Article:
Instead I reshared here what 2 other EE forum support boards concluded on why one transistor might produce these odd results - ie bad transistor. Yes, those discussion boards also had their fair share of wrong way answers about pins on a transistor probably not being configured correctly. But to be clear, there was always enough moderation by others to steer the conversation onto the users question. That of course never happened here.

On the other hand, I think my LTSpice simulation schematic has improved with a better symbol and thanks to AudioGuru Again for that.
 
The transistor is not upside down. Since the supply and input signals are positive then the 2N3906 PNP transistor should be replaced by an NPN 2N3904 transistor.
The simulator schematic shows polarity marks on the generator symbol which indicate true polarity when the assigned voltage is positive but in this case the assigned voltage seems to be negative so in this situation the + Marks on the generators are actually negative, consistent with testing pnp transistors. While this is consistent it is confusing and demands careful study beyond a casual glance; also it's a trap for the uninitiated. My preference is to allow the marks to be true polarity and turn the symbol upside down as required. Then there's no hidden context, a favorite software gotcha.
 
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atferrari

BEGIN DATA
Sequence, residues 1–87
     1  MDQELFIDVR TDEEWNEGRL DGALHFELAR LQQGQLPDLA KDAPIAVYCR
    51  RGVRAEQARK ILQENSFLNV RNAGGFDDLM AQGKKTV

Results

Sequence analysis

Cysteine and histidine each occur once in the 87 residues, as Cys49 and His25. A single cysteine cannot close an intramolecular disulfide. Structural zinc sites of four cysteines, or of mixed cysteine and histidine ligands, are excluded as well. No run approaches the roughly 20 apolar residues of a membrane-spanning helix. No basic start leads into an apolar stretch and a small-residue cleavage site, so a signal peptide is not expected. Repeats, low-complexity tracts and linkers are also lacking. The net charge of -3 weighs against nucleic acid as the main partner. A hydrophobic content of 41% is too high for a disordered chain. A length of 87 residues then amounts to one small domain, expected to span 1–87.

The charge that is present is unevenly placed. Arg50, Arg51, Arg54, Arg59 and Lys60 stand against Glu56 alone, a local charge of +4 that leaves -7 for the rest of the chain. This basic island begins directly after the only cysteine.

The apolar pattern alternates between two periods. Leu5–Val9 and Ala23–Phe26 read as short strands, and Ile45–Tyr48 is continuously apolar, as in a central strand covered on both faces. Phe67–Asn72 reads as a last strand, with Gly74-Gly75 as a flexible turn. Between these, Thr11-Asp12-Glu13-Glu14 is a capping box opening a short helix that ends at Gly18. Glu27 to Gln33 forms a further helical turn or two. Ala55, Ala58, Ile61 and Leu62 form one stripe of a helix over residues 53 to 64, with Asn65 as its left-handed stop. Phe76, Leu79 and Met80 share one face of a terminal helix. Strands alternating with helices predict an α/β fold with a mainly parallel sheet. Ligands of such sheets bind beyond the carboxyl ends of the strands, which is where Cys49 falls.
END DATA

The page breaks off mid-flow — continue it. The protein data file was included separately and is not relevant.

Joined Jan 6, 2004
4,433
To conclude this discussion: On this support site I asked for comment on why my new curve tracer test board produced a very weird output for one 2N3906 part - making clear that other 2N3906 transistors worked fine in this same curve tracer test jig.

What I got in return was a lot of false suggestions about transistor pins being placed wrong in my breadboard, positive voltage going to the wrong pins, and other arm chair half thought out quick responses. Other forums I participate in, include some call to action by a senior participant saying something like "User asked for help on why one part out of many giving unexpected results" or some such. That never happened.

Instead I reshared here what 2 other EE forum support boards concluded on why one transistor might produce these odd results - ie bad transistor. Yes, those discussion boards also had their fair share of wrong way answers about pins on a transistor probably not being configured correctly. But to be clear, there was always enough moderation by others to steer the conversation onto the users question. That of course never happened here.

On the other hand, I think my LTSpice simulation schematic has improved with a better symbol and thanks to AudioGuru Again for that.